Pension: Nine myths you should know

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Myths and misconceptions about pensions are stubbornly intertwined. An overview of what you need to know about retirement planning.

Frankfurt – No other topic is so complex and discussed as much as pensions in Germany. Much of retirement is associated with poverty in old age. According to the Federal Ministry of Social Affairs, every fifth person receiving a pension has less than 500 euros per month at his disposal. With the Corona pandemic, rising costs for consumers and terrible rental prices, the burden on the wallet is enormous.

But getting an overview of the pension system is not so easy. There are many misconceptions about old-age provision in the Federal Republic. An overview of the myths retirees should know.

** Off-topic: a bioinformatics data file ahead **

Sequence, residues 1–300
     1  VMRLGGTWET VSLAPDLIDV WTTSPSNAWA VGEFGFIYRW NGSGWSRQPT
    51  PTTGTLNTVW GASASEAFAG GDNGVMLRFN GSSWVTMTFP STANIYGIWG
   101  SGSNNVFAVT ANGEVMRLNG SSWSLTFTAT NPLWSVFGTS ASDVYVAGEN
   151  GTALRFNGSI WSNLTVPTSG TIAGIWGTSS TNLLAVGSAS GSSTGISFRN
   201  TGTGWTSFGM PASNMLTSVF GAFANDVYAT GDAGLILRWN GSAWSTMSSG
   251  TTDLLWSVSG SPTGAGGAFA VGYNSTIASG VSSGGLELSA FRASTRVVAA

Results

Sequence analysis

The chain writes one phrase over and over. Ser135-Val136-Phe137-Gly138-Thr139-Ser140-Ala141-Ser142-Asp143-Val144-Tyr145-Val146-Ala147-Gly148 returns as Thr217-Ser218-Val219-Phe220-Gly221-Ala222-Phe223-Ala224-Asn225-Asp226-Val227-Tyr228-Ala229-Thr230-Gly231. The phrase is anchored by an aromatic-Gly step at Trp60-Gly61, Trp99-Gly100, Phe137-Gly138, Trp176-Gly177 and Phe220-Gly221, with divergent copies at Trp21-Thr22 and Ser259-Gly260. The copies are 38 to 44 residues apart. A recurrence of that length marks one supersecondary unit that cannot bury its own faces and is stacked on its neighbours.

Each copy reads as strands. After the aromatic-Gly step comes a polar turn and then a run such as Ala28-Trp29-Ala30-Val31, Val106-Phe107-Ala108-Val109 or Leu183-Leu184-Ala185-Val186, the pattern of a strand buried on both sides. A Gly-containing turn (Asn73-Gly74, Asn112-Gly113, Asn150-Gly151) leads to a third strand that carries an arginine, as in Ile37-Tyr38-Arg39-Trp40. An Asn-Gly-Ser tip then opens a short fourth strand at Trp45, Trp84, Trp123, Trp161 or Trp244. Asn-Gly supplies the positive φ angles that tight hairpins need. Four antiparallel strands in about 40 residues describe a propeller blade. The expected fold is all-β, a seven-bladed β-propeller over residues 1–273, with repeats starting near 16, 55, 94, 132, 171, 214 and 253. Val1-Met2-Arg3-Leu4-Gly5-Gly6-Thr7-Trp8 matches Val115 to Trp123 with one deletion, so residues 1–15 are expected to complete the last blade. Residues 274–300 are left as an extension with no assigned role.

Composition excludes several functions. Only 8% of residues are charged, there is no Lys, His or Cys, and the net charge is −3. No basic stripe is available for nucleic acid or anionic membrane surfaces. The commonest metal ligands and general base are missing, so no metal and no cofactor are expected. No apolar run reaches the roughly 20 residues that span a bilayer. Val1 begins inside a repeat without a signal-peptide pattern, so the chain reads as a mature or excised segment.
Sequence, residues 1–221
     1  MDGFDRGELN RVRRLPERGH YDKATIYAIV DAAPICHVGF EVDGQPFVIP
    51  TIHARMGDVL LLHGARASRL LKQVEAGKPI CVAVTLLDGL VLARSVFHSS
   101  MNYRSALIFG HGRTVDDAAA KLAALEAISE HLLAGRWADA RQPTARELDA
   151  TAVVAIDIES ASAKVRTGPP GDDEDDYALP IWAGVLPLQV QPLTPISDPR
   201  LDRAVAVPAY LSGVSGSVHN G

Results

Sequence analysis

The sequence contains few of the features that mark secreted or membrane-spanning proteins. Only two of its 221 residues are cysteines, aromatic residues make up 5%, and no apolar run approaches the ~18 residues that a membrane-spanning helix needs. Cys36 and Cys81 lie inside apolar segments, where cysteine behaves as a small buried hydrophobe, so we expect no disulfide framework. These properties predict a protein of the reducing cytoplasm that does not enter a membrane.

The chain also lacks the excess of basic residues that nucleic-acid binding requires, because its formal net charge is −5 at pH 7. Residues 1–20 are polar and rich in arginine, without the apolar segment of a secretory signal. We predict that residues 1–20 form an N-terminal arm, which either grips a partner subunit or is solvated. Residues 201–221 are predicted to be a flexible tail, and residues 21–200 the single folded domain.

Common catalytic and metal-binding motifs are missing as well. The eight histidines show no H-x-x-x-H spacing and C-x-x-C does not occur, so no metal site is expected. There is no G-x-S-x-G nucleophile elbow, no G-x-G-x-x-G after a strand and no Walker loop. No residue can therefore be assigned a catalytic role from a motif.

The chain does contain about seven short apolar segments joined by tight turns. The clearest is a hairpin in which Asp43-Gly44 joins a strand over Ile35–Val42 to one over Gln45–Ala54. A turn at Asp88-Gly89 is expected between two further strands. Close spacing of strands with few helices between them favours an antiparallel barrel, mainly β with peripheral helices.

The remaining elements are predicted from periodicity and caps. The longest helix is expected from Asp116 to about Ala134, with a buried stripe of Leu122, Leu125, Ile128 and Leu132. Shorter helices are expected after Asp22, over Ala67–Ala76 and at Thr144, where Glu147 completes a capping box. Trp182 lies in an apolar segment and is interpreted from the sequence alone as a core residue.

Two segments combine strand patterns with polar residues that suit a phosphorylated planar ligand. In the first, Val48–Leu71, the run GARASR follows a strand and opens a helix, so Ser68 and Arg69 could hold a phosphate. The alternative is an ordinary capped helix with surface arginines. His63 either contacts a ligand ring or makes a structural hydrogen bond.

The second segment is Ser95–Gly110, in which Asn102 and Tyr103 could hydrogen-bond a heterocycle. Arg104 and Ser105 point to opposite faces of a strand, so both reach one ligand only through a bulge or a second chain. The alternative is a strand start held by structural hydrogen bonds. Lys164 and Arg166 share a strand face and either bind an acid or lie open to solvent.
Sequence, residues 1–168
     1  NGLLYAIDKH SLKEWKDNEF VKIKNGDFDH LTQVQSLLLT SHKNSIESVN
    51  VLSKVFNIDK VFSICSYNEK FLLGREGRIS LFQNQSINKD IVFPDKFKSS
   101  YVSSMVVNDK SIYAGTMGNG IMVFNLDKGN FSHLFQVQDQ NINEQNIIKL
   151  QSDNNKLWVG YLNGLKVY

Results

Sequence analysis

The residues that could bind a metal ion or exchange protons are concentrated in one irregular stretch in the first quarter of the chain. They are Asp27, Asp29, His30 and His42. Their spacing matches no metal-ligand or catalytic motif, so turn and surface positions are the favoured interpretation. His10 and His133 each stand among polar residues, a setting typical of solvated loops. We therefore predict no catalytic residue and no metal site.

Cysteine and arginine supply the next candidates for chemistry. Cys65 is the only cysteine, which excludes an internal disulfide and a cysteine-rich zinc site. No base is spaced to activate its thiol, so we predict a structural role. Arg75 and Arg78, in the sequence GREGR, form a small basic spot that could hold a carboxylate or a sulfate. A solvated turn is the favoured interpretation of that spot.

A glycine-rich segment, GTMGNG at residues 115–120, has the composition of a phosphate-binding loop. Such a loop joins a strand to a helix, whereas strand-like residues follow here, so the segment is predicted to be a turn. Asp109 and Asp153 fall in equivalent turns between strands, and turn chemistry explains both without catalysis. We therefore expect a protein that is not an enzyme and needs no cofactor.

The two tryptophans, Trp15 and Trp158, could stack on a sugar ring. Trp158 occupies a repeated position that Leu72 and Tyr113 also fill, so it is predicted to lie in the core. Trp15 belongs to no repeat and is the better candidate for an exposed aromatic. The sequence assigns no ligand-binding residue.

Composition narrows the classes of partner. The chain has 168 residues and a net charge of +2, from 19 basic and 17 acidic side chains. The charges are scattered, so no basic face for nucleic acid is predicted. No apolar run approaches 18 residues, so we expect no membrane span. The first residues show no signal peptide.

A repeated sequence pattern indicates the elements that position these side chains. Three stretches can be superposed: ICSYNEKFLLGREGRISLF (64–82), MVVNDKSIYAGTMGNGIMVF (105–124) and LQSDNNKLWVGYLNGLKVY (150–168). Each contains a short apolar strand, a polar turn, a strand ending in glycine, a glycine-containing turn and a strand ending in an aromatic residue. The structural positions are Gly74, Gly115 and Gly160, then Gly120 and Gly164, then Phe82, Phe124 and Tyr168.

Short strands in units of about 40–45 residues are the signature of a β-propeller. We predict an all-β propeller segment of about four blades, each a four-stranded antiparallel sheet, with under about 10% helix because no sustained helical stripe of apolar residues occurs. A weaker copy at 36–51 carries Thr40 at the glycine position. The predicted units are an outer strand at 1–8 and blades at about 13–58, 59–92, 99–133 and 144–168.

1. Pension provisions in Germany: does the pension come automatically?

A common assumption is that the annuity is automatically paid into the account each month at retirement. However, this is not true.

Some misconceptions and myths have persisted about annuities for years. Contrary to many assumptions, taxes must also be paid for the pension. (icon image) © Frank Hoemann / Sven Simon / Imago Images

All statutory pension insurance pensions must be submitted in writing. German pension insurance recommends submitting an application for a pension approximately three months before the intended start.

2. Pension provisions in Germany: should the pension be taxed?